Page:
Brakes Cobra 13" Setup Not Grabbin'

Discussion in '1994 - 1995 Specific Tech' started by dubbsix, Apr 9, 2014.

  1. I performed the brake upgrade using my GT master cylinder and I feel like the brakes arent grabbing the way I expected them to. The pedal is firm and doesnt goto the floor, but the setup just doesnt feel like its grabbing. How long does it take to bed the big ole brakes.. and is there a chance I have the wrong pad material in the calipers? Is there a chance I need to bleed the brakes more?

    I got the complete setup from LRS that has the load calipers -- so I dunno what brand or temp rating the pads are.

    Thanks guys.
  2. Lemme see if I can get one of the resident brake experts in here to lend you a hand.

  3. did ou heat cycle the brakes?

    Not all relevent but this is from Wilwood....

    Rotor Bedding
    All new iron rotors should be bedded-in before being used under racing conditions. Proper bedding-in will prepare the rotor surface, prolong the rotor's life and make it more resistant to thermal checking or cracking under severe braking conditions. Once the brake system has been tested and determined safe to operate the vehicle, follow these steps for the bedding of all new rotors. These procedures should only be performed on a race track, or other safe location where you can safely and legally obtains speeds up to 65 MPH, while also being able to rapidly decelerate.

    Thoroughly inspect all brake system components before proceeding to track. Check all bolt connections, make sure mounting bolts and rotor bolts are properly lockwired, that brake pads are properly secured by retaining clips or cotter pins, that master cylinders and brake pedals are working properly, that brakes are properly bled with plenty of fluid, and that proper engagement of brakes occur when pedal is depressed.

    Because the bedding process is different for rotors and pads, it is best to bed-in a new rotor (disc) using a used set of pads, preferably ones which will not create heat rapidly. Generating heat too quickly will thermal shock the rotors. Likewise, when bedding-in a new set of brake pads, use a used rotor. This new-used bedding process permits controlled bedding of each individual component.

    Make sure that the rotor surfaces are free from oils, grease and brake fluid.

    Close air ducts approximately 75% to expedite the bedding-in process.

    Begin with a series of light decelerations to gradually build some heat in the brakes. Use an on-and-off the pedal technique by applying the brakes for 3-5 seconds, and then allow them to fully release for a period roughly twice as long as the deceleration cycle. If you use a 5 count during the deceleration interval, use a 10 count during the release to allow the heat to sink into the pads & rotors.

    After several cycles of light stops to begin warming the brakes, proceed with a series of medium to firm deceleration stops to continue raising the temperature level in the brakes.

    Finish the bedding cycle with a series of 8-10 hard decelerations from 55-65 MPH down to 25 MPH while allowing a proportionate release and heat-sinking interval between each stop. The pads should now be providing positive and consistent response.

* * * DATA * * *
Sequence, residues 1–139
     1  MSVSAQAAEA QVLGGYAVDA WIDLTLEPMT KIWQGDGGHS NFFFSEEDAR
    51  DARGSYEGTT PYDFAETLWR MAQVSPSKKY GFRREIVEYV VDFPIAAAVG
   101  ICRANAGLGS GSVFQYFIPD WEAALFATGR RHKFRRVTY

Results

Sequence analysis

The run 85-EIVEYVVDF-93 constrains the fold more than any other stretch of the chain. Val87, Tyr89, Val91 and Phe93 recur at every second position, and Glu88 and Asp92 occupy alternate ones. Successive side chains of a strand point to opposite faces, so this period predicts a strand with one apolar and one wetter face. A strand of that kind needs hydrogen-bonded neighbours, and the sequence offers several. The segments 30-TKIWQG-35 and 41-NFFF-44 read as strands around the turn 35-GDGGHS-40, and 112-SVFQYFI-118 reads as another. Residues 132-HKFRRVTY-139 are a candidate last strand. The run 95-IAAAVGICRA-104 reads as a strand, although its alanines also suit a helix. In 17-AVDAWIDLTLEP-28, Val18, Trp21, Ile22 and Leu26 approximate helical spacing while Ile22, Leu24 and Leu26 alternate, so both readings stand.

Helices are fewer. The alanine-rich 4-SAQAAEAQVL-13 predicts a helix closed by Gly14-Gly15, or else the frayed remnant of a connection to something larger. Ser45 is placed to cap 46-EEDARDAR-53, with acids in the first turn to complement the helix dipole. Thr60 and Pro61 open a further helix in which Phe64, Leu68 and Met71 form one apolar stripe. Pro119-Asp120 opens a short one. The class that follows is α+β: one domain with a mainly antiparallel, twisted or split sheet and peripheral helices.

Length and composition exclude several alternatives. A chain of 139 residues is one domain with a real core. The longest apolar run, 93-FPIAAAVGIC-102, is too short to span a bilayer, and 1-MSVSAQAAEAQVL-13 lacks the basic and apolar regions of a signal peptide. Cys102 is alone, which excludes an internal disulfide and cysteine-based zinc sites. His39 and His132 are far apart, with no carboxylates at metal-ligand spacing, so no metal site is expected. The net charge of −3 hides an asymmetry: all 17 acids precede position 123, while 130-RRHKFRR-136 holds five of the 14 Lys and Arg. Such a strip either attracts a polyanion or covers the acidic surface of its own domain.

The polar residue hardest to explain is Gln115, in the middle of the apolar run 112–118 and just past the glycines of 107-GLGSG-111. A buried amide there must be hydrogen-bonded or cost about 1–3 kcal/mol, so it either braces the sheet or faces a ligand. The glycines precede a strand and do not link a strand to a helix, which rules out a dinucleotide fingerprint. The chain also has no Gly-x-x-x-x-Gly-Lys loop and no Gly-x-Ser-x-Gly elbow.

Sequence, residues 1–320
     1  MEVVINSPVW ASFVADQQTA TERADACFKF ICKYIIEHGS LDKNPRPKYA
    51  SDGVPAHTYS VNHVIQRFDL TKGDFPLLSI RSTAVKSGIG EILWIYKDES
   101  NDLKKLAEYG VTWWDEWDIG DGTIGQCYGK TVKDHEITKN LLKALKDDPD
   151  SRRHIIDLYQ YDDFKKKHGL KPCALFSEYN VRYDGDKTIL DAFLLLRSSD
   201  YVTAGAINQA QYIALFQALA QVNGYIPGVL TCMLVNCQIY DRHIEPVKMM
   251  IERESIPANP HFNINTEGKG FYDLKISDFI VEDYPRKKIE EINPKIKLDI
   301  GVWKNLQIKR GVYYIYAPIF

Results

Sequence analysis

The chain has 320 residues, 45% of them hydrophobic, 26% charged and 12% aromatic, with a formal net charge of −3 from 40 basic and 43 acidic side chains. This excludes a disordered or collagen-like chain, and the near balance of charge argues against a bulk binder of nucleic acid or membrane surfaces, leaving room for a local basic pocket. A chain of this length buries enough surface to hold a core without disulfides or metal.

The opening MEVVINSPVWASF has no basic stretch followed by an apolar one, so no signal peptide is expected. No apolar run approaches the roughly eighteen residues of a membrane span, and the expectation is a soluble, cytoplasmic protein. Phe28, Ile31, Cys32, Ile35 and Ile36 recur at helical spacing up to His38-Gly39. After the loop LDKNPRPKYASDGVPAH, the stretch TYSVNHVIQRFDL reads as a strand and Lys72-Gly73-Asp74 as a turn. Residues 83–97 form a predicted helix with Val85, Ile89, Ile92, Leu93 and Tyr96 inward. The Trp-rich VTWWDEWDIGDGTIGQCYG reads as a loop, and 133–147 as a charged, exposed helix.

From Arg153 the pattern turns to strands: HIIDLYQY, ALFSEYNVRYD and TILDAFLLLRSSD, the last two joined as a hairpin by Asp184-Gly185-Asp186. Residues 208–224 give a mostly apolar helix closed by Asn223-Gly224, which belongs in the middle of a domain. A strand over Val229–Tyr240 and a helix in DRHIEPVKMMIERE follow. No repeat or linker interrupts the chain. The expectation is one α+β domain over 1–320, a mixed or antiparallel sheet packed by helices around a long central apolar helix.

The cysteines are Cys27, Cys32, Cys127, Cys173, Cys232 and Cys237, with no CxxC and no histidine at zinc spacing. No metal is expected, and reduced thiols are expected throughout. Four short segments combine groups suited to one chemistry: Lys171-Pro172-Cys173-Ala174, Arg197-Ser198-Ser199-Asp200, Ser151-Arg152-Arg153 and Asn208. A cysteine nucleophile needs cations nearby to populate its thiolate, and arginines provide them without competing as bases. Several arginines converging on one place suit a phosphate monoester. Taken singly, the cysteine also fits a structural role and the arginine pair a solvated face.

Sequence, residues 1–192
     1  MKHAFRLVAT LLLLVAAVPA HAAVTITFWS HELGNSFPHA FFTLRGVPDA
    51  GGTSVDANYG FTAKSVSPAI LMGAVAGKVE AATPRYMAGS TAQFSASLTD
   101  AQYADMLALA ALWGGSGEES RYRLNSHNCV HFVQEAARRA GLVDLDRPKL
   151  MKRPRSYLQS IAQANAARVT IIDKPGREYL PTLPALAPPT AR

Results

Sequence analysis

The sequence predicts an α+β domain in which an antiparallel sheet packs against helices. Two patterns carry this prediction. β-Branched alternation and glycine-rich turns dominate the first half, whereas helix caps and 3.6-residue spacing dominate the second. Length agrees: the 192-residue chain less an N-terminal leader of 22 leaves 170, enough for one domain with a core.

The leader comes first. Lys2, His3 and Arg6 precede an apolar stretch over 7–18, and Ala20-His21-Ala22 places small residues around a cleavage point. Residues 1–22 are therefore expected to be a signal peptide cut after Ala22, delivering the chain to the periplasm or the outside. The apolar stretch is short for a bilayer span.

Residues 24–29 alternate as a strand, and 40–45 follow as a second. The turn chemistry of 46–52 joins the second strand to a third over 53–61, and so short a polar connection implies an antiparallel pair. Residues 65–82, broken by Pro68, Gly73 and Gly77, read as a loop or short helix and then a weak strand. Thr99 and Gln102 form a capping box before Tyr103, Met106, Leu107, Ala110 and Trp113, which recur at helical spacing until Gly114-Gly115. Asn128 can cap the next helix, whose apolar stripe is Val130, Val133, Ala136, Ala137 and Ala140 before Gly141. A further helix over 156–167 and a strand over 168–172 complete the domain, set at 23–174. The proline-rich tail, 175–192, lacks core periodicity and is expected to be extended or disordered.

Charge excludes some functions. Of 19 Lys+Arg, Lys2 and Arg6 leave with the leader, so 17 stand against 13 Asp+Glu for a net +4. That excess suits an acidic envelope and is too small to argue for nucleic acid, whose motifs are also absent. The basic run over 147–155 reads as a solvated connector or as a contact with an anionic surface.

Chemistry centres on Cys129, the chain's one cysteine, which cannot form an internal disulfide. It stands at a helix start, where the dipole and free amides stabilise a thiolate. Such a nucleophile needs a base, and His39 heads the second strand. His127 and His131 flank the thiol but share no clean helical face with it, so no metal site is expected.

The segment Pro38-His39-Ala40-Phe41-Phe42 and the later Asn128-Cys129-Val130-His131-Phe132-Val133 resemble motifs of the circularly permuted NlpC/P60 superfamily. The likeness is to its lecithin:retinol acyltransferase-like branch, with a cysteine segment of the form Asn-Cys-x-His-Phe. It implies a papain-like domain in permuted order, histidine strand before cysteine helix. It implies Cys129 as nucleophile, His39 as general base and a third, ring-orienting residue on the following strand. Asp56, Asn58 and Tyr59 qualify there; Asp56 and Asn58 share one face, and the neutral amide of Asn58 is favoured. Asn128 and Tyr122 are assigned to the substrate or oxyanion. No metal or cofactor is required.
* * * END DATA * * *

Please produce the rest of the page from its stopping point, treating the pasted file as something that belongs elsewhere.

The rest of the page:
If any amount of brake fade is observed during the bed-in cycle, immediately begin the cool down cycle.

    Drive at a moderate cruising speed, with the least amount of brake contact possible, until most of the heat has dissipated from the brakes. Avoid sitting stopped with the brake pedal depressed to hold the car in place during this time. Park the vehicle and allow the brakes to cool to ambient air temperature.
  5. Yes I did. I went through two cycles, but they only seem to really grab once they are nice and hot. I'm wondering if it's the pad. Bought the set used so no idea what was loaded in the calipers.
  6. Simple answer're missing the MC

    Ford markets the 13" Cobra kit for the 94-95 Mustangs with a master cylinder included in the kit. The GT MC is 1 1/16" bore, while the 94-95 Cobra MC is 15/16"

    It was sold as the M-2300-Q kit

    Now, keep in mind this kit was designed with the 38mm cobra calipers found on 94-98 Mustangs. These are mostly replaced by the 99+ 40mm cobra calipers these days. More than likely this is what you have.

    Rather than use the 94-95 Cobra MC with the 15/16" bore, a more popular swap (and easier to install) MC used is the 1993 Cobra 1" bore MC.

    This is actually the combo I run on my '88. For a short while, i ran a 94-95 Gt 1 1/16" MC and the pedal effort was very hard with a lack of brake response. I swapped to the 1" MC and pedal effort was MUCH better and i could actually stop!

    If you do have a set of 94-98 Cobra calipers, you'll need the 94-95 Cobra MC, although you could run the 1" MC. I did speak with a Ford engineer who said the 1994 Cobra originally came with a 1" MC, but Ford changed it last second to make the pedal effort more agreeable for street driving.

    1993 Cobra MC will direct swap
    94-95 Cobra MC requires brake line adapter kit from max motorsports.

    In terms of identifying your calipers....

    38mm piston on the left...notice ribbing around the piston bores
    40mm piston on the right. Notice no ribbing


    Hopefully that helps
    Noobz347 likes this.

  7. As always... You da man! :nice:
  8. Okay you were right. We talked about this before my swap. I was smart enough to go ahead and order the 93 cobra MC!! I have the smooth bores on mine so Im guessing the 93 cobra MC will work and give me a bit more pedal response.